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FALL 2020

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Distributor's Link Magazine Fall 2020 / Vol 43 No 4

100 THE DISTRIBUTOR’S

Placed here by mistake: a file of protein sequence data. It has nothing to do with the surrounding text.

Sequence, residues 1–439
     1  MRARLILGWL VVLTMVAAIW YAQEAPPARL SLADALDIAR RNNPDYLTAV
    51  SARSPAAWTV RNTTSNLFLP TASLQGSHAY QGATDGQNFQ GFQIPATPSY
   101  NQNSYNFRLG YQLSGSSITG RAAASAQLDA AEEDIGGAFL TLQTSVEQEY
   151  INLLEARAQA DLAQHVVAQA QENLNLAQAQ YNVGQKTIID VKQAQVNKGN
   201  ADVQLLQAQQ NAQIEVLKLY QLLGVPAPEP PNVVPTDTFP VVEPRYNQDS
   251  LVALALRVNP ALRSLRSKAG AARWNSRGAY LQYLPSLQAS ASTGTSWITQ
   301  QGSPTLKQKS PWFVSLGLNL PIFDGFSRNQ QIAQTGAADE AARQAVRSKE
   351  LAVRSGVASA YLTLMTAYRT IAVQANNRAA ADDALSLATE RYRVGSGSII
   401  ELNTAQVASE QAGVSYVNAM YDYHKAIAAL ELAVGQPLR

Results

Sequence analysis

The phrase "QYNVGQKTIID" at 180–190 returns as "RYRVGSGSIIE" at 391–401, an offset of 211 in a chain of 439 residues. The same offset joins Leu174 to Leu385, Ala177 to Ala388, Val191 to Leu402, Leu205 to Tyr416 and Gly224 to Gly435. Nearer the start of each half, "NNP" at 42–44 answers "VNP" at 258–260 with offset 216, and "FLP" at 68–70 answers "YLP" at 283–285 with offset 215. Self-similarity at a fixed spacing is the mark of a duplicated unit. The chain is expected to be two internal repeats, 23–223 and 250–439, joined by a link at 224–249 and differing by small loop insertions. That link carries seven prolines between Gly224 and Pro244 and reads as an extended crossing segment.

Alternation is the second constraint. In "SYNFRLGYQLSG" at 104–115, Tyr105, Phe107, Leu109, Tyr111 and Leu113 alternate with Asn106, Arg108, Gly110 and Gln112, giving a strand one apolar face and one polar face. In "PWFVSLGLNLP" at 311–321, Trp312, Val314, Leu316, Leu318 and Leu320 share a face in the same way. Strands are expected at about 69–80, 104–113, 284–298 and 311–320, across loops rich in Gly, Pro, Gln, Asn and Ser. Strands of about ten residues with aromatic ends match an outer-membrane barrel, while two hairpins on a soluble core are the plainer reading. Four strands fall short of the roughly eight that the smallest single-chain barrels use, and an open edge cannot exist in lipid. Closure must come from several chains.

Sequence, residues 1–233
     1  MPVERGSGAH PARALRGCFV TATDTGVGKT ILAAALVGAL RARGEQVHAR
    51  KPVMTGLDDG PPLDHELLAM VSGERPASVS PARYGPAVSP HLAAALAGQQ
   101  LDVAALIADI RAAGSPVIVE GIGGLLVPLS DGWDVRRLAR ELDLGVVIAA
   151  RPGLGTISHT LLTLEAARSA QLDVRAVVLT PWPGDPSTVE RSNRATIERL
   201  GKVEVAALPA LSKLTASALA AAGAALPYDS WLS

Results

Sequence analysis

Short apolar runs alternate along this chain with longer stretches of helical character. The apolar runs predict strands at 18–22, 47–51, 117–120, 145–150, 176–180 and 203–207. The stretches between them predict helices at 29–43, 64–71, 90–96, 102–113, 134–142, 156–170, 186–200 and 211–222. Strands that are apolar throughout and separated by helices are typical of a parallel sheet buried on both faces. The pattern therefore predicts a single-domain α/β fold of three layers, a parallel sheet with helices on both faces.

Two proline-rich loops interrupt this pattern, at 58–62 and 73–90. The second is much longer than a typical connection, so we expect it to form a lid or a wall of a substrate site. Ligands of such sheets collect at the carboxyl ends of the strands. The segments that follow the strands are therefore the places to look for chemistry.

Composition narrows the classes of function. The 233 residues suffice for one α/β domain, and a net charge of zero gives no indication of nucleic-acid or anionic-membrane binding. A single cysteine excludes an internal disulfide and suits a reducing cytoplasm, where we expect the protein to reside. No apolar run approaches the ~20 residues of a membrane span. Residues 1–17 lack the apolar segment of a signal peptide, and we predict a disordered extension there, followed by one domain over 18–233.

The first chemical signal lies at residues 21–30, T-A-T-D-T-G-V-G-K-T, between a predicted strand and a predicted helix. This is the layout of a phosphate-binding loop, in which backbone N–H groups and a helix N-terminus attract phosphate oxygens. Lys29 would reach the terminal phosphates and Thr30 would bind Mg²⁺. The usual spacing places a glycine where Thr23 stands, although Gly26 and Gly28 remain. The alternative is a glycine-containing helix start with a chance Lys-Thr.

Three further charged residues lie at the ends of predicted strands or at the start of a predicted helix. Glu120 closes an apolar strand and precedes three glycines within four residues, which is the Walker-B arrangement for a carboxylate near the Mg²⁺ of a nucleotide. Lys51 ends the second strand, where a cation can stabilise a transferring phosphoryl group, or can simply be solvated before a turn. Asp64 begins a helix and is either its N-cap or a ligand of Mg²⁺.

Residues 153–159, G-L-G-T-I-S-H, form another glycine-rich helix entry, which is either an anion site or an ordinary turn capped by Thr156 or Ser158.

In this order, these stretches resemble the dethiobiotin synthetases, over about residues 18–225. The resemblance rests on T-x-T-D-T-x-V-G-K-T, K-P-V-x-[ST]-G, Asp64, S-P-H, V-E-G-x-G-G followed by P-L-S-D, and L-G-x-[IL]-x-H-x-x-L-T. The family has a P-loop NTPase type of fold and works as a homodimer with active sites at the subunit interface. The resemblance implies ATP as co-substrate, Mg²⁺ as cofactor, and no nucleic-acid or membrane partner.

100 THE DISTRIBUTOR’S LINK LAURENCE CLAUS THE VALUE OF APPLICATION ENGINEERING from page 8 Although it is clear from this image that too much stress is detrimental to the plastic, I often use this to illustrate an application engineering point. I often ask the question whether the Type AB Screw could ever work in such an application. In other words, can we come up with a boss design that would allow the Type AB to work without cracking? The simple answer is yes. However, it would require considerably increasing the outer boss diameter. In fact, we might have to double the wall thickness to get the screw to work. In the event that the subtleties of this action escape the reader, consider for a moment the potential consequences: increasing the amount of raw material (material cost), increasing injection molding cycle time, increasing weight, and exposing visible surfaces to sink marks. An observer of this story may come away with another question, why did the OEM design it this way from the very start? The answer to that question is likely complicated but I believe there are several contributing factors; [1] Ignorance of a better option [2] Choosing the lowest price option [3] Failing to conduct any real Application Engineering activity Although this application was poorly engineered from the beginning, it does illustrate an important benefit of good application engineering. Many new innovations and technologies only become possible when other complimentary or enabling innovation occurs. In this previous example, a Type AB screw could be used in a plastic application but only when accepting risk or the inherent limitations of the technology. In this example, one sees that using application engineering skills to apply complimentary, new innovation allows the overall reduction of joint cost and improvement of joint quality with smaller bosses, less material, lighter weight applications, and elimination of sink marks. In fact, thirty-years later no one uses Type AB screws to fasten plastics anymore. Application Engineers have successfully educated the market allowing the innovation to take hold and evolve with the automotive engineered plastics market. In another example, several years ago I was hired by a distributor to conduct a walkthrough of one of their customer’s facilities with the purpose of discovering potential cost savings opportunities they could use to offset promised future price reductions. Although I knew better from personal experience, I was at first worried that I wouldn’t find much to help my client, making my efforts a costly misadventure for them. How wrong those fears were, this user, like almost every other large user of fasteners I have worked with over the years, was rife with continuous improvement and cost savings opportunities. One of the opportunities I spotted that day has long stuck out to me and I often use it as a teaching illustration. One of this company’s products was a large cabinet. They would ship it completely assembled from their manufacturing location to the site where it was to be installed. To prepare it for shipping they would raise it up and attach a two-by-four along the front and the back of the base. This effectively raised the base several inches off the ground and protected it during transportation and installation. When it was received on-site the make-shift two-by-four skids would be removed and discarded. The process of attaching these “skids” was pretty straightforward. They would lift the unit up, grab two twoby-fours, cut them to length, drill holes in a predetermined location, and then use a bolt and nut to attach them through holes in the base in four spots. I wandered over to take a look at the hardware they were using for this and was first surprised to see the length. They needed to clear a two-by-four on edge (1 1/2” thick) and the base (which was a metal band no thicker than 1/8 or 3/16 inches). The bolt, however was a good 3 1/2 to 4 inches long. As I further examined the bolt I was surprised again to find that it was a Grade 8. Clearly when they first started doing this they simply choose a bolt, nut, and a couple of washers from what they had laying around. These choices had quickly become “institutionalized” and they would continue ordering and using these fasteners for all such applications. The opportunity they were missing, however, was the threaded length and thus the bolt were probably about 40% longer than they needed to be and the bolt not needing to generate any real preload was way overdesigned as a Grade 8. In other words, they were paying for 40% more material than needed and a premium in raw material type and processing to achieve a Grade 8 state. CONTINUED ON PAGE 149

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